All persons are probably susceptible. Re-infection has occurred in those treated with antibiotics for early-stage disease.


In the USA, endemic foci exist along the Atlantic coast, in Wisconsin and Minnesota, and in some areas of California and Oregon; increasing recognition of the disease has led to reports from 47 states and from Ontario and British Columbia in Canada, as well as from Europe, Russia, China and Japan.

The distribution of most cases coincides with the distribution of the black-legged tick, Ixodes scapularis (formerly I. dammini), in the eastern and midwestern USA; the western black-legged tick, I. pacificus, in western USA; I. ricinus (sheep tick) in Europe; and I. persulcatus in Asia. Initial infection occurs primarily during late spring or summer, with a peak in June and July, but may occur throughout the year, depending on the seasonal abundance of the tick locally. Dogs, cattle and horses develop systemic disease that may include the articular and cardiac manifestations seen in human patients. The explosive repopulation of the eastern USA by white-tailed deer, on which adult ticks feed, has been linked to the spread of Lyme disease in this region.

Prevention and Control

1)    Preventive measures:

a)    Educate the public about the mode of tick transmission and the means for personal protection.

b)    Avoid tick-infested areas when feasible. To minimize exposure, wear light-colored clothing that covers legs and arms so that ticks may be more easily seen; tuck trousers into socks and apply tick repellent such as diethyltoluamide to the skin and/or permethrin (repellent and contact acaricide) to sleeves and trouser legs.

c)    If working or playing in an infested area, examine the total body area daily. Do not neglect hairy areas. Remove ticks promptly; these may be very small, especially larvae or nymphs. Remove ticks by using gentle, steady traction with forceps (tweezers) applied close to the skin, so as to avoid leaving mouth parts in the skin; protect hands with gloves, cloth or tissue when removing ticks. Following removal, cleanse the attachment site with soap and water.

d)    Measures designed to reduce tick populations on residential properties (host management, habitat modification, chemical control) are usually impractical on a large-scale basis.

e)    During the late 1990s, two Lyme disease vaccines were developed for protection of humans using recombinant B. burgdorferi stricto sensu lipidated outer-surface protein A (rOspA) as an immunogen. In late 1999, one of these vaccines was licensed in the USA for administration on a 3-dose schedule of 0, 1, and 12 months, and was found to be safe and 76% effective in preventing overt Lyme disease after 3 doses. After license of the vaccine, anecdotal reports of joint reactions associated with vaccination, accompanied by lawsuits, led to discontinuation of distribution in February 2002 due to low demand and sales.

i)    Vaccine-induced anti-rOspA antibodies routinely cause false-positive ELISA results for Lyme disease. Experienced laboratory workers can usually discriminate between B. burgdorferi infection and previous rOspA immunization, because anti-OspA antibodies do not develop after natural infection.

ii)    Lyme disease vaccine did not protect all recipients against infection with B. burgdorferi and offers no protection against other tick-borne borrelioses.

iii)    Risk assessment should include consideration of the geographic distribution of Lyme disease. The areas of highest risk in North America are concentrated within some northeastern and north-central states and provinces. In Europe, sporadic areas of transmission occur in areas where animal vectors are found. However, risk for Lyme disease differs even within counties and townships. Detailed information about the distribution of Lyme disease risk within specific areas is best obtained from public health authorities.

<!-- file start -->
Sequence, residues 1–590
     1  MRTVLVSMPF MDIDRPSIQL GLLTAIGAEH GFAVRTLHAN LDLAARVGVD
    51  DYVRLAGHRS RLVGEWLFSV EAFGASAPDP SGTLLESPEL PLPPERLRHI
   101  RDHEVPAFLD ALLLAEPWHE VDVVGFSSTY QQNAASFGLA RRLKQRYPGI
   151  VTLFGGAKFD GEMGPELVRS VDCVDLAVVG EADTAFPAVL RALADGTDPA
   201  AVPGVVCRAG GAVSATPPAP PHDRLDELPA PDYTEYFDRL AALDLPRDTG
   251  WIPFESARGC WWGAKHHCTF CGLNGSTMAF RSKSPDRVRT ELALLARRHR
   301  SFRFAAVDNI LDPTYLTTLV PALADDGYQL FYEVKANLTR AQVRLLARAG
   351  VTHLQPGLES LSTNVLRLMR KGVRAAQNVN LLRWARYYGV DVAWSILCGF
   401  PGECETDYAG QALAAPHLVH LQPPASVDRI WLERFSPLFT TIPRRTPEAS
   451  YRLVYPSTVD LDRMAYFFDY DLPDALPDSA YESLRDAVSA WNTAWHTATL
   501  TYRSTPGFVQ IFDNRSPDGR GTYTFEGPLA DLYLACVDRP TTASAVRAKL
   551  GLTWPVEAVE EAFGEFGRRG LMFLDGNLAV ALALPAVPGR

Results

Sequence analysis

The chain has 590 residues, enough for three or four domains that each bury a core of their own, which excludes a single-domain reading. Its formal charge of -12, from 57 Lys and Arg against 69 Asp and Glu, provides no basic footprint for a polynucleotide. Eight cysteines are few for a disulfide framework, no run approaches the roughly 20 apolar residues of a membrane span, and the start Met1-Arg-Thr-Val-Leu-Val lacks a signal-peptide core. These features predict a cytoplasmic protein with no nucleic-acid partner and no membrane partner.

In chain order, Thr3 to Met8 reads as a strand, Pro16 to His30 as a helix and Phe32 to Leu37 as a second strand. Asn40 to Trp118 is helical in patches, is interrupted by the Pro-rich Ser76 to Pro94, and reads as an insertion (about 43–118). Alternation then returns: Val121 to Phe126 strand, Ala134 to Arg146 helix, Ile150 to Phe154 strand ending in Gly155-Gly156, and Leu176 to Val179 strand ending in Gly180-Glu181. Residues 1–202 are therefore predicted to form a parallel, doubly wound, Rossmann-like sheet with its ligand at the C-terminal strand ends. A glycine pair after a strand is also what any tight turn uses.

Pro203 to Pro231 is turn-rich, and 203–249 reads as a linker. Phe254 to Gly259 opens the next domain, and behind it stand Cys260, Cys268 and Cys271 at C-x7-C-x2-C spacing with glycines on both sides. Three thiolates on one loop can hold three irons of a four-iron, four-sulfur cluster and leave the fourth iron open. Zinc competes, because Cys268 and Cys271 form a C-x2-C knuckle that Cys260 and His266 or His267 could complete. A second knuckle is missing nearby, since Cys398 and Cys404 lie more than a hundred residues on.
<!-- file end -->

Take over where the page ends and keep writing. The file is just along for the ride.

iv)    In areas of moderate to high risk, immunization had until 2002 been considered for persons aged 15–70 years who engaged in activities (recreational, property maintenance, occupational or leisure) resulting in frequent or prolonged exposure to tick-infested habitats. Future availability of vaccines against Lyme disease is uncertain.

2)    Control of patient, contacts and the immediate environment:

a)    Report to local health authority: Case report obligatory in some countries, Class 3.

b)    Isolation: Not applicable.

c)    Concurrent disinfection: Carefully remove all ticks from patients.

d)    Quarantine: Not applicable.

e)    Immunization of contacts: Not applicable.

f)    Investigation of contacts and source of infection: Studies to determine source of infection when cases occur outside a recognized endemic focus.

g)    Specific treatment: For adults, the EM stage can usually be treated effectively with doxycycline (100 mg twice daily) or amoxicillin (500 mg 3–4 times daily)—though tetracycline and doxycyline cannot be used in children less than eight years of age. For localized EM, 2 weeks of treatment usually suffice; for early disseminated infection, 3–4 weeks. Children under 9 can be treated with amoxicillin, 50 mg/kg/day in divided doses, for the same period of time as adults. Cefuroxime axetil or erythromycin can be used in those allergic to penicillin or who cannot receive tetracyclines. Lyme arthritis can usually be treated successfully with a 4-week course of the oral agents. However, objective neurological abnormalities, with the possible exception of isolated facial palsy, are best treated with IV ceftriaxone, 2 grams once daily, or IV penicillin, 20 million units in 6 divided doses, for 3–4 weeks. Treatment failures may occasionally occur with any of these regimens and retreatment may be necessary.

3)    Epidemic measures:

In hyper-endemic and infested areas, identify tick species involved, if possible.

4)    Disaster implications:


5)    International measures:

WHO Collaborating Centres provide support as required. More information can be found at:

Source: Heymann (Ed.). (2008). Control of Communicable Diseases Manual, 19th edition. Washington, DC: American Public Health Association.

Common Disease Taxonomy: